Monday, March 7, 2011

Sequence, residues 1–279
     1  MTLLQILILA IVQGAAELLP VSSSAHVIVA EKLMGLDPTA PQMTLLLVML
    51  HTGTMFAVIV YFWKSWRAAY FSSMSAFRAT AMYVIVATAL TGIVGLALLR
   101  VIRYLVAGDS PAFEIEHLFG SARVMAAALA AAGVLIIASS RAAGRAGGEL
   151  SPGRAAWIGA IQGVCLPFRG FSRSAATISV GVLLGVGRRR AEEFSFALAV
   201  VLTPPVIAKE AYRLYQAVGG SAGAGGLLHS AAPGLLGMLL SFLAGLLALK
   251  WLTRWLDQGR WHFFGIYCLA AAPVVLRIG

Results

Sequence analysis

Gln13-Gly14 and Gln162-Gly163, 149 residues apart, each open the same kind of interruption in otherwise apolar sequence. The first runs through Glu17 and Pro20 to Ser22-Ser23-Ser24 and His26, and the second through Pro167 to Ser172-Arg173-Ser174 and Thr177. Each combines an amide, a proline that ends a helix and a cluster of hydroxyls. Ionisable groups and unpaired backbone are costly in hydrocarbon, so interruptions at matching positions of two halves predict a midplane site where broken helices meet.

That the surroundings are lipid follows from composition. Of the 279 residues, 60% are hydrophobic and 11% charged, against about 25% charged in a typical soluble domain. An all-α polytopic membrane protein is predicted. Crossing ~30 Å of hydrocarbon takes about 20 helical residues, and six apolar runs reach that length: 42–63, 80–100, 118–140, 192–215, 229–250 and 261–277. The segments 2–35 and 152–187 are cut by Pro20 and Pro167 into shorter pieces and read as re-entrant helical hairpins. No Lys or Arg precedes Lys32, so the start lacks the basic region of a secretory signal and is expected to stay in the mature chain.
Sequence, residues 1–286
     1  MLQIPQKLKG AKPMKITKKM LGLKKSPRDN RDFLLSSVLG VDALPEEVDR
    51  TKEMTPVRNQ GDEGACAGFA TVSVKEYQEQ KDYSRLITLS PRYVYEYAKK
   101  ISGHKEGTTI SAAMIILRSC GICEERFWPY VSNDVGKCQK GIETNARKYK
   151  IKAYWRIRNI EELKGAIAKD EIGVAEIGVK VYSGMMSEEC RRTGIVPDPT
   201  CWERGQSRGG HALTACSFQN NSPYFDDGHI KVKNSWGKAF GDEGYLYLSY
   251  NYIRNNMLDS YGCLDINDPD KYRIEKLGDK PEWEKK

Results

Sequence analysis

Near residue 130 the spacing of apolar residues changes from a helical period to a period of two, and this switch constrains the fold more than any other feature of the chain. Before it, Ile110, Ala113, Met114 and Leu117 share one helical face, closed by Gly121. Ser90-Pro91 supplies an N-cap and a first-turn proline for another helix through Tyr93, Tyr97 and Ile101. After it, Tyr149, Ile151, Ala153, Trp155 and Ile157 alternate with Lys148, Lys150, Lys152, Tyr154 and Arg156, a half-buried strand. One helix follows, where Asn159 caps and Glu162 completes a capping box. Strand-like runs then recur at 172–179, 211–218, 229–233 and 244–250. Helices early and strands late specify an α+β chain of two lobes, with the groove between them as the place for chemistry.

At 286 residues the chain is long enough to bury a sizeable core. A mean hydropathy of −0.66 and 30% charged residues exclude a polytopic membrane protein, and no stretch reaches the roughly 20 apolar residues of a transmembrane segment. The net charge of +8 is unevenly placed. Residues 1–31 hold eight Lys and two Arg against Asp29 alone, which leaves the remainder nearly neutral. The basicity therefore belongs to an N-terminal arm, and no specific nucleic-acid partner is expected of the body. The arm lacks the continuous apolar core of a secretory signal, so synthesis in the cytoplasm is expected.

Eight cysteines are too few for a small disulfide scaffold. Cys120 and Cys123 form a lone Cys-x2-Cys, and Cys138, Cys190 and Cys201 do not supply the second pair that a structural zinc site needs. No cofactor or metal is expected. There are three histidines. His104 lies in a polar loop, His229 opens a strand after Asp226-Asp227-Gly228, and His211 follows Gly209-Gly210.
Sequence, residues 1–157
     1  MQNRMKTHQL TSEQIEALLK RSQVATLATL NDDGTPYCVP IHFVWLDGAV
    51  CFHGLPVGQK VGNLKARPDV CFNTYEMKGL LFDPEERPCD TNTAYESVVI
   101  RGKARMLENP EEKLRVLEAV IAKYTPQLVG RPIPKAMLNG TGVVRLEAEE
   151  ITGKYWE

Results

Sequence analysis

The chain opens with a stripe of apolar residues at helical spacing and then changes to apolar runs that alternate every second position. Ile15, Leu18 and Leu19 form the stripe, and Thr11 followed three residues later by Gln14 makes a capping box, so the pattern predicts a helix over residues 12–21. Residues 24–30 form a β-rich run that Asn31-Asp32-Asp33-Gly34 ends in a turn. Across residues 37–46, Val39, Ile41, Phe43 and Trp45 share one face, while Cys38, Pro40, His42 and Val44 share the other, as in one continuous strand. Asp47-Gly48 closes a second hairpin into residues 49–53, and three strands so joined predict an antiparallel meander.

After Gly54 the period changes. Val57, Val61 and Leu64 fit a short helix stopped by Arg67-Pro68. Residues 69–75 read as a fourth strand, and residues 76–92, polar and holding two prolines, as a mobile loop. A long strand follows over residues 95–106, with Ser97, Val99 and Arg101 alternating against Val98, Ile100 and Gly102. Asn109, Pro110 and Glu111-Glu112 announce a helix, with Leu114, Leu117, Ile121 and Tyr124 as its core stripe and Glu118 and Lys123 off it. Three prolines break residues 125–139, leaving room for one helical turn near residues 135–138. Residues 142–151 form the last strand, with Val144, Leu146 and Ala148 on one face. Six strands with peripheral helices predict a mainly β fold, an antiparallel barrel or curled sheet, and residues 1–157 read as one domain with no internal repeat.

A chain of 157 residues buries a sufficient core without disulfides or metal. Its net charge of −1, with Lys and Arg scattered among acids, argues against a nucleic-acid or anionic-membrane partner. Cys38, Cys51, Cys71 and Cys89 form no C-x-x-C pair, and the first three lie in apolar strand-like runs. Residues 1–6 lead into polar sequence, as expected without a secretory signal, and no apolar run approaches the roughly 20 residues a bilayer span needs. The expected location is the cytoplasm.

When I started into photography, I was introduced to the idea of “getting it right in camera.” This means that you try to capture the image as close to the final product as you can; you expose correctly, use the right filters for color, crop in camera by framing correctly, and cleaning up the background. This is still a great idea but the game has changed with digital and the advent of the digital dark room, which makes it very easy to enhance images. (Note: I said enhance, not modify or change) To do this correctly you still need to capture it correctly in camera but we can now change color, and tone after the fact. Learning how to “get it right in camera” is a valued skill, there are many things you can’t do on the computer; you can’t reframe or change your perspective, timing, or angle of view after the fact. It is reassuring, that the man that made post processing popular agreed; he even wrote a book on the subject of getting it right in your camera, and then a second and a third about post processing. Below are a couple before and after images from a recent trip to California, I do not usually do this much post production (I would rather be taking photos to be honest) but I have learned how to take washed out photos and enhance them to look like how my mind saw them. I use Adobe Lightroom to mostly get color right, and adjusting the tone curve. On this trip I also played with spot correction, graduated filters and massaging the individual color luminance values to bring out details.